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Optimal exit pupil size for city light pollution

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#76 MartinPond


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Posted 23 July 2021 - 11:52 AM

Strangely, I've found 5 and 6 mm exit  pupil binos that still have fussy eye placement. A shrine manon  and a universe brand (both 7x35 10 DEG) come to mind- unless you have the IPD set right and position the eye just so- meh , pretty crappy view. Take the time and get everything just right and quite rewarding. I put those anomalies down to eyepiece design but can't prove it. .  Pat

Sounds like an EOFB/kidney-beaning issue is in there.

True; a little extra exit pupil does help with that.

#77 ECP M42



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Posted 23 July 2021 - 01:09 PM

It's all about ease of eye positioning.


Let's take an extreme case of a small exit pupil, say 1mm.   If your eyes are positioned to be off by 1mm, you see nothing.   It should be obvious that a large exit pupil of 6mm is much more forgiving as far as eye positioning is concerned.

But you wear glasses! The "only" explanation ... 


The larger the exit pupil, the easier it is to center your own eyes within the "sweet spot"


A larger exit pupil then 7mm isn't needed, but it would make the binocular very comfortable to look through.

Do you wear glasses you too? Because, this only applies to those who wear glasses ... or those who do not decently adjust the IPD of their binoculars. 


I have done dozens of tests with many different binoculars and have never found the statement that "with a wider pupil it is easier to observe" to be true. 

I only noticed that there are more comfortable eyepieces and more uncomfortable eyepieces, regardless of the exit pupil, and that my preferences never perfectly match the preferences of other users, with whom I have been confronted on this issue.  


I also use binoculars with sunglasses (and I often use 10x25 too), so I can understand that it is easier and more tolerant to use large pupils during the day using glasses, but even here I have several reservations, as many binoculars remain difficult to observe, regardless of their larger exit pupil. 


In my opinion, before making certain statements that seem absolutist and that must be valid for everyone, and above all to avoid confusing newbies who do not use glasses, it should always be specified that glasses are used and that this is the main cause of choices a little out of logic. 


Did I say it right?  flowerred.gif  smirk.gif

#78 ECP M42



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Posted 23 July 2021 - 01:33 PM

For me, under messy skies,

more power cannot increase contrast that doesn't exist.

The assumption that the grey level is almost black is invalid.

   At least,,,,,here.   It just isn't true.


I find the best brightness, around 5mm exit pupil,

   helps my optic cortex do the signal processing to see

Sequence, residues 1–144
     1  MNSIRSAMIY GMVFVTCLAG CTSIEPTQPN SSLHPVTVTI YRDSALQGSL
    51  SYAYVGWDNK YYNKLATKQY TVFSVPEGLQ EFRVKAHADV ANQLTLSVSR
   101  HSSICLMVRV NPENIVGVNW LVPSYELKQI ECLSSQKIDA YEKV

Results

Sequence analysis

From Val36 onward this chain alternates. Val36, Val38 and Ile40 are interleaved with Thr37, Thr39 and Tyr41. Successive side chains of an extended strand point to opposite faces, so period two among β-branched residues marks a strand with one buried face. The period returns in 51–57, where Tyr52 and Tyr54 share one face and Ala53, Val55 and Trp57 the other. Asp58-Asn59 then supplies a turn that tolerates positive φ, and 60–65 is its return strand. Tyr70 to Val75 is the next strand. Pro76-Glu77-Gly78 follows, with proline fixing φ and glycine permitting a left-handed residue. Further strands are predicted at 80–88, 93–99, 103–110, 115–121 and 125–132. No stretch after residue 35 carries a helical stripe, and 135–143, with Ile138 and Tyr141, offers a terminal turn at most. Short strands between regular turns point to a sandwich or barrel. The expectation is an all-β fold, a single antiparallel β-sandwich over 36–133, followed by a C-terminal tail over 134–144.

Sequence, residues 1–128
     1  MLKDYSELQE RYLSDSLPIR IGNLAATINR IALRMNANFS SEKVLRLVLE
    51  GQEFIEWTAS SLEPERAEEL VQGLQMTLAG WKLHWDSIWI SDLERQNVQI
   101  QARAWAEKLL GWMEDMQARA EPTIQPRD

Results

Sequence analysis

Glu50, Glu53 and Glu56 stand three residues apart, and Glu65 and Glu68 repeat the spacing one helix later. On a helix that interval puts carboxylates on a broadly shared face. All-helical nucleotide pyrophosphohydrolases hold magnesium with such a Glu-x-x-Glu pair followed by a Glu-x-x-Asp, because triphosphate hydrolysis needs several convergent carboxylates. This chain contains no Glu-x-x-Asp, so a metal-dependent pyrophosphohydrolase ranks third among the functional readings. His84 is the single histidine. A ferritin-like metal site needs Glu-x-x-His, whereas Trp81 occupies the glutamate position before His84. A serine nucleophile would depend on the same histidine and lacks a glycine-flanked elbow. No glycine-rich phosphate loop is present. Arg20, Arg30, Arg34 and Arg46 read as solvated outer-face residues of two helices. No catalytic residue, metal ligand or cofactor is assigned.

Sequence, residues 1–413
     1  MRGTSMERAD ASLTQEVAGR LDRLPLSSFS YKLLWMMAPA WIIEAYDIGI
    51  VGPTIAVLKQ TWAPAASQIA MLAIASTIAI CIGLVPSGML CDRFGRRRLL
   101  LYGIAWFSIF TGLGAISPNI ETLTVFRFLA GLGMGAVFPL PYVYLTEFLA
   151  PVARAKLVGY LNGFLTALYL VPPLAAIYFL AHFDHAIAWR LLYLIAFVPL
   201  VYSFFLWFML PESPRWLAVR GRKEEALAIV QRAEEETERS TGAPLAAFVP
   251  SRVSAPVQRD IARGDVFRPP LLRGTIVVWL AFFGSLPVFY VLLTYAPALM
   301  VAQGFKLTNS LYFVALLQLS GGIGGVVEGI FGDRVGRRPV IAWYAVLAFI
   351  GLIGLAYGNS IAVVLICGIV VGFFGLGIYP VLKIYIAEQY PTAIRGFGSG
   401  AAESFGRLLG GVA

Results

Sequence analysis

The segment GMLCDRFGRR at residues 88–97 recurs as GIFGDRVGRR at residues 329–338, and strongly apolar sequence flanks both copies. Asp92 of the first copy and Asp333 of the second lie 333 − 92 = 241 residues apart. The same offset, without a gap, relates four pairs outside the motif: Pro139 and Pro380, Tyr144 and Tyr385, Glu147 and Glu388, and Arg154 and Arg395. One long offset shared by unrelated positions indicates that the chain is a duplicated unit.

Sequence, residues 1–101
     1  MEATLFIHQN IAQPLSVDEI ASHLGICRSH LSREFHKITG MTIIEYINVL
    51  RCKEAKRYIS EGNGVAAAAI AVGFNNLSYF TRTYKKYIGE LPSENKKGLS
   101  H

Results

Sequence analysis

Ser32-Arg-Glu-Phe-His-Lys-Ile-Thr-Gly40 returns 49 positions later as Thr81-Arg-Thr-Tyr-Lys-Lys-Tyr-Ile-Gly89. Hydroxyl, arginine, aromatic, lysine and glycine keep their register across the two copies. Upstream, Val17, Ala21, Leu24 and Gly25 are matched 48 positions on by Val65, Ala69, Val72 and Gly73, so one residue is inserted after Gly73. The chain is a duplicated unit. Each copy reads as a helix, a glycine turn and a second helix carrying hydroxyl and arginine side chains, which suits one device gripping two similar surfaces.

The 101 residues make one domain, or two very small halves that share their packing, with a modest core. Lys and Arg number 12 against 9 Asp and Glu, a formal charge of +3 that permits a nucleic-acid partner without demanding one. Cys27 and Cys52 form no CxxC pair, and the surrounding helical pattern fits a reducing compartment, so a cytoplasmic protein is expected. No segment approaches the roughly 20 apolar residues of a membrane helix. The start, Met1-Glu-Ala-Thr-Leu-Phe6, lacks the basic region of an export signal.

more subtle colors and details.

Martin, we are all a little different, even if basically we are all the same, and here it is possible to see our differences. Years ago I discovered that (under the same sky) there are people who can see the Orion Nebula with the naked eye and others who cannot.

There is nothing bad or negative about this, but is simply evident a difference in retinal sensitivity (main cause). And so, if you prefer (like others) large pupils even under polluted skies, in my opinion and deduction, it means that you need them (it's your need), because most likely your retina is less sensitive than others. 

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#79 MT4


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Posted 23 July 2021 - 05:47 PM

ECP was right that we're all different in our preferences for things, binoculars and exit pupils included.


I was merely sharing my findings that I prefer 6mm exit pupil for daytime use because it helps make it easy to see the view while walking about whereas for nighttime use under brightly-lit skies my eyes prefer smaller exit pupils for a darker sky background.  As such, for daytime use I prefer my Nikon EDG 7x42 to my EII 8x30 but for nighttime use I've reached for my Ell 8x30 more often than my EDG 7x42.


For me, a key factor in my differing exit-pupil preferences is that during the day I tend to walk around and for nighttime use I tend to stay put or move very slowly.  When staying put, or using binoculars on a tripod, small exit pupils don't pose as much of a challenge for eye positioning compared to when walking about, provided that one takes care in properly setting up the IPD.  (If anyone's tried using tiny binoculars, say 8x20 or 10x25, on a rocking boat, you'd know what I am talking about here.  There's a reason why the Navy generally prefers the 7x50 format.)


Having said all that, we're all different so there are no absolutes here.


Also, as I've stated multiple times in this thread, my local skies are very well-lit with SQM readings being somewhere around 17 (17.5 at best), probably much worse than most observer's.  As such, the findings that I've shared in this thread probably don't apply very well to many observers though I would hope that there are bits here and there that do apply well enough.

Edited by MT4, 23 July 2021 - 07:33 PM.

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